Tuesday, July 20, 2010

Dieng Plateau

Dieng can be found high in the hills above Wonosbo. I took a bus there this morning (an hour) to check out the recommended Dieng Plateau. The book itself was vague about the terrain and so I strapped on my hiking boots and socks in the hope of some proper hiking. Now as if I’m not conspicuous enough - the sight of my 6’4” frame lumbering around in search of a climb that wasn’t there must have been an engaging sight to behold.
The bus ride started off in cloud and left me cursing my luck again with regard to visibility but, lo and behold, we drove through the cloud cover and into a different world. I half expected the heavenly figure of Michael Landon himself to be there to greet me, braces on, wagon waiting to bring me to the land of milk and honey but alas back in reality I was stuck on my minibus with no leg room and no chance of stopping to enjoy the stunning vista.
On all sides active and dormant volcanoes vie for attention with impeccably maintained and impossibly steep rice terraces, each terrace a hive of activity - think of those classic images you have of Chinese paddy fields, women working planting the rice wearing the wide-brimmed straw hats and the men working the ox (or, more often that not today, watching the women do the work).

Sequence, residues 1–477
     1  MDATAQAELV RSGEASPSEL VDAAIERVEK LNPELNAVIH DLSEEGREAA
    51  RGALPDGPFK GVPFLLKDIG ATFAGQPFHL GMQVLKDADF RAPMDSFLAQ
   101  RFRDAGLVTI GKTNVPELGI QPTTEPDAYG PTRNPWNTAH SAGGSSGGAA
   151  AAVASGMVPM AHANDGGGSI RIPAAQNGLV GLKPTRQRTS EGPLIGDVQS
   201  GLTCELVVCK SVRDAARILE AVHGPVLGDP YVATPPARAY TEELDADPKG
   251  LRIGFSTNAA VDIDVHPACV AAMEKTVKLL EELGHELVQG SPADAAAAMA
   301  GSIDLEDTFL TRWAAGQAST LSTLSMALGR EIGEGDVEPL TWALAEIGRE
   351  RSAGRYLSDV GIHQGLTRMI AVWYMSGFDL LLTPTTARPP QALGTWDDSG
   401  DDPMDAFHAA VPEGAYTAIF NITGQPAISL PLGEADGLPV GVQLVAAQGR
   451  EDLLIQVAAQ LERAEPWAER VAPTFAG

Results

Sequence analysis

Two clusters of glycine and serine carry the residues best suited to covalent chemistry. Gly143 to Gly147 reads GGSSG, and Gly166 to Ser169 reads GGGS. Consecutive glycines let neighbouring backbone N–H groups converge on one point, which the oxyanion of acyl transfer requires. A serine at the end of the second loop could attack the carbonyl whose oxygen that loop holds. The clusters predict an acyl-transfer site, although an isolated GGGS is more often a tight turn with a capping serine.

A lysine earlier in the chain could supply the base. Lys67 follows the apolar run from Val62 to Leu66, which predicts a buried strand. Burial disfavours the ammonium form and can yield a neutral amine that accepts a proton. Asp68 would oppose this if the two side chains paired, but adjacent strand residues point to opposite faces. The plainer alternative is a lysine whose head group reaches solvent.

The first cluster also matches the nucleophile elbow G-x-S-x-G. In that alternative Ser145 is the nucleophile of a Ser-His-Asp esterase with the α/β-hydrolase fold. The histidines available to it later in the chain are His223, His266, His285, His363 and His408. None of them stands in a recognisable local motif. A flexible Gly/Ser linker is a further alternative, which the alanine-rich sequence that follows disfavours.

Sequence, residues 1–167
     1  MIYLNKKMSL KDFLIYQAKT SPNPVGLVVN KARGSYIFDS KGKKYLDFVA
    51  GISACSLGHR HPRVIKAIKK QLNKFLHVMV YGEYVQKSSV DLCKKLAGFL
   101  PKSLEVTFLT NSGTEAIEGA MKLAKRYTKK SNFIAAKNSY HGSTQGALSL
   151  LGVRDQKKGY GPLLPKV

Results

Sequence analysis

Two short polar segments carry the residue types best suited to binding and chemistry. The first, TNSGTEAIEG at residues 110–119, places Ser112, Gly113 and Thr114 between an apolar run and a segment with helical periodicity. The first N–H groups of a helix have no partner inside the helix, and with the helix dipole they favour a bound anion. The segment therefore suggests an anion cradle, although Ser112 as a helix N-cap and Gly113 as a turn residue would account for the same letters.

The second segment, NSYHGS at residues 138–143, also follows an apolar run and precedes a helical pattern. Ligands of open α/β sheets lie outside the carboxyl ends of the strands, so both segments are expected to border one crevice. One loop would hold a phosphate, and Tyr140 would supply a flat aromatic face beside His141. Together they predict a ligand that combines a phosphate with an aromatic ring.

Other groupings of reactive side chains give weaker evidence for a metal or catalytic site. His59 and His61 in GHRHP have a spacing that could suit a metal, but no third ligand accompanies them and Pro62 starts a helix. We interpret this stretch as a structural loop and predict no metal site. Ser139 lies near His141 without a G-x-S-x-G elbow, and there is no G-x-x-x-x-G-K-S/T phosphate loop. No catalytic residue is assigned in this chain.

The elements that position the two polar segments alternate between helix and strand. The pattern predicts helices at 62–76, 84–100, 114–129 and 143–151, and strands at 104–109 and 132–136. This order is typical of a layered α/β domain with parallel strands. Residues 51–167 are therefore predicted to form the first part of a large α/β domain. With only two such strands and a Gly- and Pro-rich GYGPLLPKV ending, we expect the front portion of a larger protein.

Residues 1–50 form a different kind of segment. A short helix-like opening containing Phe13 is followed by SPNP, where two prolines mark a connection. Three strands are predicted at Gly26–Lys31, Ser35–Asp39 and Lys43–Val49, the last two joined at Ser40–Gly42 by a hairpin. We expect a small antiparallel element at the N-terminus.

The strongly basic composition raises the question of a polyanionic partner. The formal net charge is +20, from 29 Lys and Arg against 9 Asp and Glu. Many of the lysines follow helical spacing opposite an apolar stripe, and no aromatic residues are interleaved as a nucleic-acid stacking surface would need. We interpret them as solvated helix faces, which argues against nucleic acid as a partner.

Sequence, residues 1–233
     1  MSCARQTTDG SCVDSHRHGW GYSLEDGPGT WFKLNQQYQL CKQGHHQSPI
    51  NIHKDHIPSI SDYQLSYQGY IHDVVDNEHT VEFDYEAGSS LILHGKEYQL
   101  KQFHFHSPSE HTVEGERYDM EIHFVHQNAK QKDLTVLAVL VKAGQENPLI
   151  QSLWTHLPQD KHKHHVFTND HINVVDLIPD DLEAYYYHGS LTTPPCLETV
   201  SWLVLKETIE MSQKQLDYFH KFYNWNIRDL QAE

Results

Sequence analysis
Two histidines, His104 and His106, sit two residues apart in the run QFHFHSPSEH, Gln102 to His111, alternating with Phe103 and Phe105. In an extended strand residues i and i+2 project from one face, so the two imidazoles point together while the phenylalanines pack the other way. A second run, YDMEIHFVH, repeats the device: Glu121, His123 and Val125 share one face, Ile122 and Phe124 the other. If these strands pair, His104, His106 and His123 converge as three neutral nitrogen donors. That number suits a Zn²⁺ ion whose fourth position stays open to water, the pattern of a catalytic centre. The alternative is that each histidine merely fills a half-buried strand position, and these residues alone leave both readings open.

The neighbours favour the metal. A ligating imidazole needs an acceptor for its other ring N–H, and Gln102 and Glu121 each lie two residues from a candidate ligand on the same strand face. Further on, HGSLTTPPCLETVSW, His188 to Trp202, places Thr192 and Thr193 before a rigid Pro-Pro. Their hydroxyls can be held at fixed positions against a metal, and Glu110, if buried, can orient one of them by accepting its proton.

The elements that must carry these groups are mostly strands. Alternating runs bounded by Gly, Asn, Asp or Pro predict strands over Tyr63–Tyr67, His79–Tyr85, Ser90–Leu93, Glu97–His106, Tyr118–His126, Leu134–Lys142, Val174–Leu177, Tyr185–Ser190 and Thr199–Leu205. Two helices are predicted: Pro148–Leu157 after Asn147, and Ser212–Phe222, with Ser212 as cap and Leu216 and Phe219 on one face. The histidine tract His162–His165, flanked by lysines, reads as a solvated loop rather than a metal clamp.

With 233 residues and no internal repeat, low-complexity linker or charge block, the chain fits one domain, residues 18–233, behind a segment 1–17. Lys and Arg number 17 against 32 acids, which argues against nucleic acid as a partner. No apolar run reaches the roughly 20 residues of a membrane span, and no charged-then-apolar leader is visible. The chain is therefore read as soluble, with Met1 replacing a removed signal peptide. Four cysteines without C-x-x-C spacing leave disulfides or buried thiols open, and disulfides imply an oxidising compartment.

There’s a 5km trek you can do which takes in the local sights - the hot springs at Sikida have to be smelled to be believed. There’s also a beautiful old temple complex where I chanced upon what appeared to be a style shoot, probably for some Japanese fashion magazine. A married couple stood by the ruins throwing pose after pose under the excited instructions of about 10 little men running around chattering excitedly and little else besides. Think an Austin Powers shoot or, better still, that scene in Lost in Translation when Bill Murray films the whiskey advertisement. In fact, that’s exactly what it was.
As I walked around the familiar refrain of ‘Hello Mister’ rang out a hundred times or more. When you approach Indonesian people, they initially eye you warily but if you maintain eye contact and make an attempt at a smile, their faces light up. Throw in a phrase like ‘Apa kabar?’ (How are you?) and they’re equally thrilled and amused. Beautiful people. Well, most of them. As I drained a tea whilst waiting for my bus to return, the guy who runs one of the hostels in Dieng introduced himself to me. The talk, inevitably, turned to music and he proceeded to play me every song on his phone. Loudly. He’s quite the metal fan - Metallica, Motorhead etc - but then from nowhere, ‘My Heart Will Go On’. He smiled as it played - “Music for faggots,” he said. Oh how he laughed.

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